1. The Church has always taught and known from Scripture that Christ's offering of himself was the kippor (atonement) typified by the sacrificial system of the Old Testament, as foretold most clearly in the Suffering Servant passage (Isaiah 52:13-53:12), and by his title Lamb of God.
2. The Church has always taught and known from Scripture that Christ's offering of himself was forensic, because God's Law is perfect justice. Therefore, our salvation required a sacrificial victim (as it proved to be, the self-offering from love).
3. The Church has always taught and known from Scripture that Christ's offering of himself was a ransom to free those held hostage to sin and death.
4. The Church has always taught and known from Scripture that Christ's offering of himself was the victory, as Christus Victor; and that it is one act with his resurrection.
In modern times, theological writers have set points 1 and 2 against points 3 and 4. In this scenario points 1 and 2 are attributed to St. Anselm and considered to be uniquely western, whereas points 3 and 4 are considered to be uniquely eastern. Furthermore, in this modern scenario that reinvents history, Anselm is believed to have written that God was infuriated with us until Jesus pacified the Father's rage. In even worse misrepresentations of Anselm, God is said to have taken pleasure, in the modern sense of the word, from his Son's crucifixion. Of course, these last two ideas are expressed with most certain conviction by those who, apparently, do not know Anselm from Popeye the Sailor Man. His writing very clearly sets forth the Atonement as the will of the whole Trinity (for God had one will), and therefore Christ's self-offering as the manifestation of the love of God, the Father and the Son and the Holy Ghost (as St.Paul taught, Rom.5:8). The images of God the Father as a raging tyrant pacified or pleased (in the modern sense of the word) by his Son's agonies, has never been western theology at all, and was never taught by Anselm. Use of Biblical language that is metaphorical, such as "wrath," does not change this fact.
Having read the Bible over and over since I was 14 (and I am now, in 2009, 51), and having studied for well over three decades the teaching of the Church, east and west from Antiquity forward, it is obvious to me that all four points are true, and that the people who insist that we must choose between either 1 and 2 or 3 and 4, suffer from deficiency of logic or from blind spots in their knowledge of the Bible. Also, the same people, on both sides, suffer from apparent gaps in their Patristic literacy, knowing only the works that present either one view or the other. Such is a weak knowledge of the ancient writers. Those who make us choose between these Biblical revelations, known and taught by the Church, require that we limit our appreciation, and even our understanding, of the fullness of God's word to man. If we know only Christus Victor, and not the Lamb of God, then we know nothing of our own sinfulness from which we were saved by God's mercy. If we know only the Suffering Servant who bears the righteous requirement of the Law for us, and not the victorious Christ also, we cannot look ahead to the Day when the saints will be glorified as partakers of the Divine Nature by grace.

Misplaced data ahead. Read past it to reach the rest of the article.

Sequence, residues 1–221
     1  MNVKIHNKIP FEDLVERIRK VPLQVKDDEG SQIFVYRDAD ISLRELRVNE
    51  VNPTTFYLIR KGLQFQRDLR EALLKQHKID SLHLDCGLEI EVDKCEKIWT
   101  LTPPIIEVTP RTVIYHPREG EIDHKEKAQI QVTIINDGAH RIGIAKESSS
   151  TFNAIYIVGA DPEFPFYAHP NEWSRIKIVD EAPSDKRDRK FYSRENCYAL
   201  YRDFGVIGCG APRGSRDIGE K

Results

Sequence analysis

Why must we choose? Why must we neglect our full heritage for only half the story? Is it to keep division alive and well? Is it to maintain enmity in the household of God, treating bitterness as a sacred thing, to be guarded at all costs against the threat of unity, and the danger of healing? Is it to defend bad theses written by young scholars who, having reached an advanced age and reputation, cannot admit that the young men they were can be corrected by the old men they have become? Or, is it just Satanic, an effort to make sure nobody can preach the whole Gospel with power and conviction?
Frankly it is one reason I remain a convinced Anglican. I can embrace it all, and I refuse the false choice that would require me to throw half the Gospel away.